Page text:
got a nun on my back trying to give me strength and comfort
can't see anything but the blue tiles
just can't catch my breath
too many motors running here
this is my sorrow--

Blasted down by the hip in her pocket
like I was and you were too
leaving her skin some kind of orange glow
whatcha got on that smells so good,
hop in the van,
wanna go where it smells like sea--

I was once a sailor
and I walked on water too.

Parched in the sunshine
and dozing on the water
drifting through the afternoon
inside this heartache
I had a vision too--

I was once a sailor
and I walked on water too.


Vocals, Piano Siersema Fretless Bass Michael Farquharson Drums Bruce J. LeBlanc Guitars Nate Comp Congas Marcelo Woloski


THIS TRAIN

Vocal, Piano Siersema Fretless Bass Michael Farquharson Electric Piano T Lavitz
Hi-Hat Nick Falk Shakers Marcelo Woloski


JUMPING OFF THE BIG BOARD

I am one of many thousand faces at the doorway
you are too related to the climb
if you put your hand in mine
we're jumping off the big board--

Never mind what others may have
told you 'bout the distance
they were just too busy
driving their cars into the ground
if they stop to look around
they might just see what it's been costing them--

I am one I am one.

Looking for life, she thought she found her answer
dozing in the back seat
curls on his collar
arm hanging limp out the Cadillac
something held her back
"Why don't ya come on over this way?"
she said, "I like it better my way."

I am one I am one.

I am just beginning to know that I can sing
that I have power
over the voices telling me
"Why don't ya do this, why don't ya do that?"
Nothing wrong with me,
I just like it better my way
I like it better my way.

I am one I am one.

I am one of many thousand faces at the doorway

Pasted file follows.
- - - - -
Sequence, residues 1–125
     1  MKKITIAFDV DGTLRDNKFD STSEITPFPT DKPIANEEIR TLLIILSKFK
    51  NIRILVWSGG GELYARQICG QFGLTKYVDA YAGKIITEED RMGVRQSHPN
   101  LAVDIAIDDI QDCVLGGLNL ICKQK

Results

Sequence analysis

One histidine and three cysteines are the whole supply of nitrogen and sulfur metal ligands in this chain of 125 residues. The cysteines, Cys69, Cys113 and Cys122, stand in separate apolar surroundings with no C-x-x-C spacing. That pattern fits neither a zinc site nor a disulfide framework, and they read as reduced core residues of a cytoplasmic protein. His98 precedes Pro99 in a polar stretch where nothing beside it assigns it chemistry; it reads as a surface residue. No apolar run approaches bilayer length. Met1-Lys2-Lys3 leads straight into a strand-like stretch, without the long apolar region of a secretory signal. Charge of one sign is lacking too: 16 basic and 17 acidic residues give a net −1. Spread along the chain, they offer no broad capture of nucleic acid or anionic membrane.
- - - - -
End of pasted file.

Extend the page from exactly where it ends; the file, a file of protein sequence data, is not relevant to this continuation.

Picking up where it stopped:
you are too related to the climb
if you put your hand in mine
we're jumping off the big board
jumping off the big board.

Vocal, Piano, Keyboard Marimba Siersema Synthesizers Jay Hovnanian



MY EYE THIS FLOWER IN JULEP RUNS

My eye this flower in julep runs
over salty seas I met my love,
he belonged to me--
what finer shores and better mornings
quicken on the breeze--
with parcels fine and critical
I'll tell you what I know
all I've carried washes down
water into stone--
once ankled in the spring of loons
your arms just cannot hold
a child of sorrow falling free--
My eye this flower in julep runs--

Vocal Siersema Synthesizer Siersema & Jay Hovnanian



WHO WILL PASS THIS ON

You and I are not unscathed
we seek the bones of our own making
whisper in the smell of autumn
who will pass this on--

We are one from the beginning
deeper than the oceans sworn to me
softer than a song--
I had always dreamed you'd be coming--
sweet as the morning--

I have seen the whole world
touched tomorrow in each September
listen to the voices rejoicing
there you'll find love--


I had always dreamed you'd be coming--
sweet as the morning air--
suspended like heaven
treasure always for me--

We are one from the beginning
deeper than the oceans sworn to me
softer than a song--
I had always dreamed you'd be coming--
sweet as the morning
crisp as the leaves falling down--

Vocal Siersema Piano T Lavitz Fretless Bass Michael Farquharson Drums Nick Falk Shakers Marcelo Woloski


ALL MY TRIALS

Vocal, Piano Siersema Fretless Bass Michael Farquharson Drums Nick Falk
Organ T Lavitz Shakers Marcelo Woloski